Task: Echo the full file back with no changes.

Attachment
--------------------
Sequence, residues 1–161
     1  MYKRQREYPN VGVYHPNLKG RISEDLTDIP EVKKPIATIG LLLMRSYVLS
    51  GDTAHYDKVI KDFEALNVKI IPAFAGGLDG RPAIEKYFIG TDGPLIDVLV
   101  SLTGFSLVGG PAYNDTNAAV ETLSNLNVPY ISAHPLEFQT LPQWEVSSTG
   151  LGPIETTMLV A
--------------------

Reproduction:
Sequence, residues 1–161
     1  MYKRQREYPN VGVYHPNLKG RISEDLTDIP EVKKPIATIG LLLMRSYVLS
    51  GDTAHYDKVI KDFEALNVKI IPAFAGGLDG RPAIEKYFIG TDGPLIDVLV
   101  SLTGFSLVGG PAYNDTNAAV ETLSNLNVPY ISAHPLEFQT LPQWEVSSTG
   151  LGPIETTMLV A